NOTE: The following excerpt is from a short series of blog articles I wrote on parenting and early childhood education in 2013.
I am the father of a toddler boy. I am also a musician, and a trainer. So I will admit I grow weary of children's entertainment more readily than most parents. I have few exceptions to this rule, but in particular, the Wiggles hold my interest longer than other children's entertainers. In fact, I...I rather enjoy them. There, I've said it.
All joking aside, it actually makes sense. The four original Wiggles came from a rock 'n' roll background, playing for adult audiences in Australia's pop music scene. Three of them studied early childhood education. So it isn't surprising that their music appeals to kids – and to me. They have a sound formula that helps children retain information for life. Some of their lessons have rubbed off on me, too – specifically, subtle hints for how to teach my son about life. Here are my observations:
The Wiggles' first recording was a project for a college course on early childhood education. They didn't have time to write an entire album from scratch, so they adapted melodies they had written years earlier, and rewrote the lyrics for a young audience. Sure, the melodies were simple, but not condescendingly so. And the songs incorporated syncopation and back-time, devices musicians typically avoid when writing for young children. But the Wiggles' songs resonate with kids. As a parent, I've been tempted too often to “dumb it down” for my son. I think our children are more intelligent than we sometimes give them credit for being. Challenging their young minds whets their appetite for knowledge.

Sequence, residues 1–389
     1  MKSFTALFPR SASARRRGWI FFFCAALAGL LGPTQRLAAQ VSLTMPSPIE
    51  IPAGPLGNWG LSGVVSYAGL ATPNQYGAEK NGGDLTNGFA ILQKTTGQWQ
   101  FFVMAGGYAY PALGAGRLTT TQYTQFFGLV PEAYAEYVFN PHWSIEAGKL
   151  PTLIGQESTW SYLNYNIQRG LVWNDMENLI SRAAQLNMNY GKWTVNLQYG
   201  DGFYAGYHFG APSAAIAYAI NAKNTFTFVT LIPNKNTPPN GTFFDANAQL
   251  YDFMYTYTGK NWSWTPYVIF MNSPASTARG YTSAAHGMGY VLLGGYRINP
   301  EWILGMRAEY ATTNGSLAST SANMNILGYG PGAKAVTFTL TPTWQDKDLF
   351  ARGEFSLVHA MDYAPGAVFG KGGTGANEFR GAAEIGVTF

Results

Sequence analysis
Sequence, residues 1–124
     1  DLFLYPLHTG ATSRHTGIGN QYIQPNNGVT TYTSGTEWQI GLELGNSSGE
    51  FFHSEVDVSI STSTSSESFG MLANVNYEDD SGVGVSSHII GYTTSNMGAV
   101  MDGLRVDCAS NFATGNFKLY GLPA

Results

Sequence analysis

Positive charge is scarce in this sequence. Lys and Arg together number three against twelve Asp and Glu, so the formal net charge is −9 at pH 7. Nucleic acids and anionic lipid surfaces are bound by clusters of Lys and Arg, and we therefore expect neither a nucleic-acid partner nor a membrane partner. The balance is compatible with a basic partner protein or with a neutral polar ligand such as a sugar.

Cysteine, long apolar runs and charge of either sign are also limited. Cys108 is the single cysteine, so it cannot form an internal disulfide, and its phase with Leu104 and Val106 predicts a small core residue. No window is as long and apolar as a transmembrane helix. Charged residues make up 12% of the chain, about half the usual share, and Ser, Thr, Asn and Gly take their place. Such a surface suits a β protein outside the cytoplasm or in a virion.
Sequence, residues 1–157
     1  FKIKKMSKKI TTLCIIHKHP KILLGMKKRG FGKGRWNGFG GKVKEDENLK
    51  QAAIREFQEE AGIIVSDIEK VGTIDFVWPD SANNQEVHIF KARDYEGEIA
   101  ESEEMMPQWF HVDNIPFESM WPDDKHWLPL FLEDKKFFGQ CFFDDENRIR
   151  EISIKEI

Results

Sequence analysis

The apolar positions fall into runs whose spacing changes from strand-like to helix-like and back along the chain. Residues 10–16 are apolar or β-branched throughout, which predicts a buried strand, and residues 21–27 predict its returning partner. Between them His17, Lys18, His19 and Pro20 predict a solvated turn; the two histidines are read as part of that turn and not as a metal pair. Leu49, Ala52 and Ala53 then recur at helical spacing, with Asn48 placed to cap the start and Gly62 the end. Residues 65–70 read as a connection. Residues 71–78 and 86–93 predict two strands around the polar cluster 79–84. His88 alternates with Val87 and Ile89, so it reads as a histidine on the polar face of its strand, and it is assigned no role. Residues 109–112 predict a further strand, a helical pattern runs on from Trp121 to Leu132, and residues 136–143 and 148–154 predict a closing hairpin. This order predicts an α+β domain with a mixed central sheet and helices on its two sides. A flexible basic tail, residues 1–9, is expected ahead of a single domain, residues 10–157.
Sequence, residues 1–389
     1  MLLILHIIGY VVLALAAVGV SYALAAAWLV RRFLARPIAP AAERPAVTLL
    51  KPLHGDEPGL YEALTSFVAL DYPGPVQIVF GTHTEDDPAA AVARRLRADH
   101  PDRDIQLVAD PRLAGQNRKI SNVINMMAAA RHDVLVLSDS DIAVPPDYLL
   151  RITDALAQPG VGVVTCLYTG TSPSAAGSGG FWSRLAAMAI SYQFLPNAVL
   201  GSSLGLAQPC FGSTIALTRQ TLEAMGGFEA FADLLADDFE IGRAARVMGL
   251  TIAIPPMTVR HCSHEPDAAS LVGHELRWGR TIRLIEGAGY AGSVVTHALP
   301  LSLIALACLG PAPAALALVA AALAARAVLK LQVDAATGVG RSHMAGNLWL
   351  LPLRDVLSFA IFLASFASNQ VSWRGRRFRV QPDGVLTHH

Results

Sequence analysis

We've known for years that there are three types of learners: visual, auditory, and tactile. Most people tend to favor one or two senses over the others, but lessons seem to anchor deepest when sight, sound, and touch are employed together. The Wiggles effectively use color, movement, and melody to instill their lessons. Specifically, the combined use of solid primary colors, simple dance moves, and rhyming lyrics leave a lasting impression on children. When I want my son to internalize a lesson, I know it will take hold if he can see, hear, and feel it.
Much of the Wiggles' charm is in the way they interact with audiences during their stage shows. They don't just play songs and lecture kids. They dance, they play scenes, they act silly and – dare I say – childish. What they do is build rapport with children by mirroring their behavior. Building rapport with any audience opens their minds to suggestion and prepares them to receive information. So I let my inner child play a bit; I get silly with my son. It brings us closer together, and it helps me communicate with him. Because when the time comes to share an important life lesson with my son, I want him to trust me.
Not every Wiggles song is a life lesson; some of them are just fun. Likewise, every moment spent with my son doesn't have to be a profound teaching experience. Young minds need a respite from lessons, and parents need some relief from the burden of teaching. Sometimes, I just relax and share in the joy of childhood with my son, and even let him teach me something.
Every parent's experience is different. This is mine. What's yours?
TJ Barranger is a branding and publicity consultant in the Baltimore, Maryland area with a background in business communications and online content management. He specializes in assisting small business and non-profit clients. Agree/disagree with this article? Share your comments via e-mail: TJ@TJBCreative.com.